Recently Dan McLauglin asked: “Why Did Almost Nobody See The Trade Issue Coming Before Trump?”
Good question. I'm a free trade guy, but right now I’m re-thinking it a bit. At least I’m rethinking the sort of total, Randian, there’s-never-any-reason-to-manufacture-underwear-in-America view I used to have. Maybe there have been some flaws in my thinking about free trade.
I once read an analogy about muscles and SUV’s. If I remember this right, the writer and his next-door neighbor started working out together. I don’t remember the specifics exactly, whether it was something like cross-fit, but I do recall it was a strenuous routine. So strenuous that there was some question about whether there was any point to a couple of office guys in their mid-thirties trying to stay that fit? Seriously, why bother? Then one day (yes, you knew this was coming) there was a major storm that knocked down trees all over the place, including between their houses. The storm was so bad that trees were down everywhere, and it would be days or longer before they’d be able to hire crews to clear the downed trees out of their driveways.
So they got out their chainsaws, and started cutting wood and hauling branches. If you’ve never done that sort of work you have no idea how hard it is. But they got it done – driveways cleared, wives happy - all was good with the world. Because when the emergency came, they had strength available that they normally didn’t need. The writer’s point was that SUV’s are like that, and maybe that’s why people buy them. Yes, those big, powerful engines use a lot of gas – much as big muscles take a lot of work and energy to maintain – but maybe someday you’re going to need that power, and you’re going to need it fast. So you buy an SUV even though it’s expensive to maintain and most of the time the SUV’s full power is unneeded.
What if blue-collar people are like America’s muscle? Maybe when their jobs go away, the muscle starts to get flabby. Or worse. Maybe the rest of us don’t care at the time because buying underwear made in Haiti is cheaper than buying underwear made in Pennsylvania, right? But now those people who used to work in those factories - that demographic muscle - are sitting around, trying to figure out how to get on disability, developing heroin habits, and/or doing that other stuff that Kevin Williamson writes about.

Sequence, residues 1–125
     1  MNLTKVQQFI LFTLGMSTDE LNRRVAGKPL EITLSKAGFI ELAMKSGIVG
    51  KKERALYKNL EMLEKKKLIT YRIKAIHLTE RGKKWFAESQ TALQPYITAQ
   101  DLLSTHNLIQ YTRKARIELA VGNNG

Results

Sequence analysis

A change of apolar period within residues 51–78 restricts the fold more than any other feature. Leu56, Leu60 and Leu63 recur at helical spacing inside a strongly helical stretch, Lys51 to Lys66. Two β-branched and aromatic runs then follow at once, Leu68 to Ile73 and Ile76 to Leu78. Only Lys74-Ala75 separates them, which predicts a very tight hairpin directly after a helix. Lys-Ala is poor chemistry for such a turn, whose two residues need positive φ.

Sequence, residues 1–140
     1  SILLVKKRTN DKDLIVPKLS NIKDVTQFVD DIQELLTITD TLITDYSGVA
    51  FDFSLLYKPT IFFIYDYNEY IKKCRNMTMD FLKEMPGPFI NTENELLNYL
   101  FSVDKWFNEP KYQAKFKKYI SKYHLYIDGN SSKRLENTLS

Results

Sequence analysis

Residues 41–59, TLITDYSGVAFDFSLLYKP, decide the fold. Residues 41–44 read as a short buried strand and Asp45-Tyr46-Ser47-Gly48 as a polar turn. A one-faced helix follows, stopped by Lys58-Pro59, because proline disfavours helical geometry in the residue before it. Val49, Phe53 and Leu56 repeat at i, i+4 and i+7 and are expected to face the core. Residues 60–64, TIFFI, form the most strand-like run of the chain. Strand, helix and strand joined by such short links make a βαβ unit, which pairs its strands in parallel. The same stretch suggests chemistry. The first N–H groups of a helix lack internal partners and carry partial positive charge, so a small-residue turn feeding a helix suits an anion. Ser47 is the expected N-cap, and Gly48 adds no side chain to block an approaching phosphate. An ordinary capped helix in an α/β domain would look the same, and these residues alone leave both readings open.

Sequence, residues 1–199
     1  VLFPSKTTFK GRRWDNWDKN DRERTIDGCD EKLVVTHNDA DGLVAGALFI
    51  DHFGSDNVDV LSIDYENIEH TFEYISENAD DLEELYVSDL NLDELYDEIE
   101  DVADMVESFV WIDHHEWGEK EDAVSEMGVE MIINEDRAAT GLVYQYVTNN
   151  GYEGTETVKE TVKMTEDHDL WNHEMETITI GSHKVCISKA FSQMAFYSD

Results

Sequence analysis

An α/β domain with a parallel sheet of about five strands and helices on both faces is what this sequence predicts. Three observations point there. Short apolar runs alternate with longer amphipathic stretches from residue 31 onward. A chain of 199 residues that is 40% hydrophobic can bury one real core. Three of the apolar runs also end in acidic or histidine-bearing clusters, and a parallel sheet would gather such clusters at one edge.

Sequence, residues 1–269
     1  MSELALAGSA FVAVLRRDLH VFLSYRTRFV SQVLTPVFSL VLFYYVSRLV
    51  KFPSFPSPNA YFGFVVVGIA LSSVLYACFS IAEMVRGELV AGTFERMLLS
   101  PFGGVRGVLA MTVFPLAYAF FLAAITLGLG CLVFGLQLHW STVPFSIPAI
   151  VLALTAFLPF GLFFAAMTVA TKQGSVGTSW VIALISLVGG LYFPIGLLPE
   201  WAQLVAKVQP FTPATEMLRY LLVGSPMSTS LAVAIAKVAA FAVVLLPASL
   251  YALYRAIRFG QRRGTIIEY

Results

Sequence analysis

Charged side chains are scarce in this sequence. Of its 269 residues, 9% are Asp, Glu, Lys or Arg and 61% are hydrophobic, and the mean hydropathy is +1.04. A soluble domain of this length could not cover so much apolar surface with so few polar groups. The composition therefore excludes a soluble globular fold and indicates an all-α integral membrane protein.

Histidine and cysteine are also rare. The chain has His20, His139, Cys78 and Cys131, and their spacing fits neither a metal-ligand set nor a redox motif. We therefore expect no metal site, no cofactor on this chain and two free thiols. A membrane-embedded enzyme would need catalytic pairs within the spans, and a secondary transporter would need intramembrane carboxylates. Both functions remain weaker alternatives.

And let’s not forget that muscle also happen to be the people we count on to do the actual fighting when "we" go to war.
No, I’m not saying free trade is the cause of bad behavior in lower income whites, or anybody else for that matter. But I am saying unemployment caused by jobs disappearing cannot help.
Maybe we should consider spending some money if we have to, in order to get those demographic muscles strong again. Maybe it’s worth paying more for my skivvies if it means my blue-collar neighbors are working, and feeling both productive and appreciated. Maybe our society would be stronger and better prepared to handle unexpected things. When muscles are flabby and weak, they get hurt more easily. When muscles hurt, they complain, and when you don’t pay attention to complaining muscles, they may betray you just when you need to count on them. And to Dan McLaughlin’s point above, maybe if we were taking better care of our metaphorical muscles, Republicans wouldn't be standing around like we’ve been poleaxed by Donald Trump’s primary rampage.